St. Paul, MN -Plastic couplings made from fluoroplastics are desirable in applications involving aggressive chemicals and deionized water because of the material's chemical inertness. The trade-off, however, is that fluoroplastics have low strength, which limits working pressures to as low as 35 psi, depending on the size of the coupling.
Although use of metal in couplings is possible, corrosion in and around the fluid flow path presents a contamination threat to process fluids. "Springs made from metal that are coated with a fluoropolymer or made from a fluoropolymer material typically close the coupling shut-off valves," says Thomas Braun, a mechanical engineer and co-patent holder of the new ChemQuik(TM)CQN Series couplings from Colder Products Co. "The end result is that the first spring's coating either wears, cracks, or eventually permeates; becomes corroded; and contaminates the fluid. The other spring is low force and susceptible to physical creep resulting in valve leakage."
In the CQN coupling, fluid flows along the path indicated. Reducing the valve seal's annular face area (a mere 0.08 square inche for the 3/8-inch size coupling) reduces the force required to separate the coupling halves.
The CQN locates fluoropolymer-encapsulated springs outside of the flow path, away from ultra-pure and corrosive fluids, which provides a double-layer of protection and eliminates the contamination risk. On the insert side of the coupling, fluid flows around the edges. On the body side, fluid flows through the middle.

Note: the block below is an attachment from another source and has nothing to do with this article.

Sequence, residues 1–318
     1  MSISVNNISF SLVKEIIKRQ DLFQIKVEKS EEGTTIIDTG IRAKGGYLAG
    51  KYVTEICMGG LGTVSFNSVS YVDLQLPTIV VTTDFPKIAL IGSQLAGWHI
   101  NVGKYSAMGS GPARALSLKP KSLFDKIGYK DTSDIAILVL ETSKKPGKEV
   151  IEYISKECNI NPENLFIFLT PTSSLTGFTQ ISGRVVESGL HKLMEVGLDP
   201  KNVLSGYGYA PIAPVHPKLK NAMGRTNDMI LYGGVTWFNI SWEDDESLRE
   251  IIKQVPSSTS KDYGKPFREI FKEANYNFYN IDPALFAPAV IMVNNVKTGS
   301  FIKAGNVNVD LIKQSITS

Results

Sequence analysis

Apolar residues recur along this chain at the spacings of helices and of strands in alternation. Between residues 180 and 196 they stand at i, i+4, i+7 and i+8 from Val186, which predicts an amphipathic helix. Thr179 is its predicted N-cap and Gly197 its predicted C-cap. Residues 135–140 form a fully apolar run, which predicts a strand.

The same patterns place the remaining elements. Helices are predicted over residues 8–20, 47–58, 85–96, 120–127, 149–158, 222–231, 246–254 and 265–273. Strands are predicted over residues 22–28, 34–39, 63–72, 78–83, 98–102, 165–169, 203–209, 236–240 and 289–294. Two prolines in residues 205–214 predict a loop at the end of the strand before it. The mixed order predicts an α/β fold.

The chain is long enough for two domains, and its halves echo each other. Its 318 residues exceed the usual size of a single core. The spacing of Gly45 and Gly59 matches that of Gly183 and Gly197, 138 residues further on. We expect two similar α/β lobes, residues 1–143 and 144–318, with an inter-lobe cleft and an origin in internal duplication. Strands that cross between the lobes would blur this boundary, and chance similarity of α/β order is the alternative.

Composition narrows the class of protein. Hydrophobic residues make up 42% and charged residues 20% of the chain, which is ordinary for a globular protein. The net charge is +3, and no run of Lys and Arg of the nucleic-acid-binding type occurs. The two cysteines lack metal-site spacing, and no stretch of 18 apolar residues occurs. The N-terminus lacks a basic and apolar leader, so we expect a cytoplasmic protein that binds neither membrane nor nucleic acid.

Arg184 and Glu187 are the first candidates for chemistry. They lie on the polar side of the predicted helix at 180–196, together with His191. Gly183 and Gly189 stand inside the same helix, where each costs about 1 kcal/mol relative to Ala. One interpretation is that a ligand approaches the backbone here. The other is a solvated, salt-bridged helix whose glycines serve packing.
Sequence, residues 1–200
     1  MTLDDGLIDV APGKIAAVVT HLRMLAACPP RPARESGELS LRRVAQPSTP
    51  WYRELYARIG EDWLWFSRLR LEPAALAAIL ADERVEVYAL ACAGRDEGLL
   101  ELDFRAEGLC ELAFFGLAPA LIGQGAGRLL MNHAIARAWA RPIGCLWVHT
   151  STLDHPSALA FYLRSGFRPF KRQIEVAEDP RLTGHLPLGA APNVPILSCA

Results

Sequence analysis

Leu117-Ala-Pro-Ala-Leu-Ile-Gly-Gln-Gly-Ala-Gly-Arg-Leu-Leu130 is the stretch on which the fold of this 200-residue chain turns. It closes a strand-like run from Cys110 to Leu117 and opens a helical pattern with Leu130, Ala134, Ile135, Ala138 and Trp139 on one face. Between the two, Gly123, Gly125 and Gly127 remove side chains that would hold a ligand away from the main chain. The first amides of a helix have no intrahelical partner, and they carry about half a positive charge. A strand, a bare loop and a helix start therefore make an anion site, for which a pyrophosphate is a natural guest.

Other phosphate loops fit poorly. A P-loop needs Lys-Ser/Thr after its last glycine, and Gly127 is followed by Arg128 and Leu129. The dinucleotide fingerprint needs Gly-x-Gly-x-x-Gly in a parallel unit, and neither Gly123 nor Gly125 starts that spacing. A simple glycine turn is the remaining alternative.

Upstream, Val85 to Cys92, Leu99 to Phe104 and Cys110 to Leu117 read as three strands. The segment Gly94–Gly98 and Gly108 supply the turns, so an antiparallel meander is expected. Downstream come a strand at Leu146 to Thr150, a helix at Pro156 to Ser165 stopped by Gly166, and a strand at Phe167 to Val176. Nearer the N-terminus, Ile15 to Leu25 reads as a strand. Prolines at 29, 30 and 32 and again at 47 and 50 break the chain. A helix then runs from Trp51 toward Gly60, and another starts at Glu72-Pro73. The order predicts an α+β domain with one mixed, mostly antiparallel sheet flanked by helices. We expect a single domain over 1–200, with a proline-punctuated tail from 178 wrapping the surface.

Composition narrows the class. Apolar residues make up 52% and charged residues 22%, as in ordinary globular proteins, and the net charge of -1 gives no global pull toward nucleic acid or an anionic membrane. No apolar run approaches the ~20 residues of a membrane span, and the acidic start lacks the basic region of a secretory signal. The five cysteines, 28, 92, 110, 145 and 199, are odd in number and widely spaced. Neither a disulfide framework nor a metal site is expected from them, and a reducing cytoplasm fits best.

Braun knew that coupling separation force is directly proportional to the small annular area of the valve's seal upon which the fluid pressure acts. The force increases as the size of the annular area increases and must be carried by the latching mechanism holding the two coupling halves together. The CQN design minimizes the annular area of the valve's seal that is exposed to system pressure. "If you want to develop a coupling that incorporates an easy-to-use thumb latch, then you must isolate the system pressure from the force acting on the thumb latch," says Braun.
When uncoupled, fluid system pressure acts on the small annular area balancing the forces so that the couplings remain in the closed position in a fail-safe manner. "Upon connection, this area is isolated and effectively balanced during the joining action of the two coupling halves," says Braun. The system pressure provides no significant separating force, except that which is applied to the small annular face area of the valves. This force, along with the spring bias, is what separates the coupling halves when the thumb latch is released. A typical 1.00-inch coupling at 80 psig with poppet valve design would have up to 192 lbs of force acting on the latching mechanism trying to separate the coupling halves, but a 1.00-inch CQN coupling would have only 14 lbs of force acting on the latching mechanism.
Unlike poppet-style valves, the CQN's pressure-balanced design allows for connection and disconnection while under pressure with virtually no spillage. "The amount of spillage is directly related to the amount of dead volume that is exposed to the system pressure at the instant the flow path is closed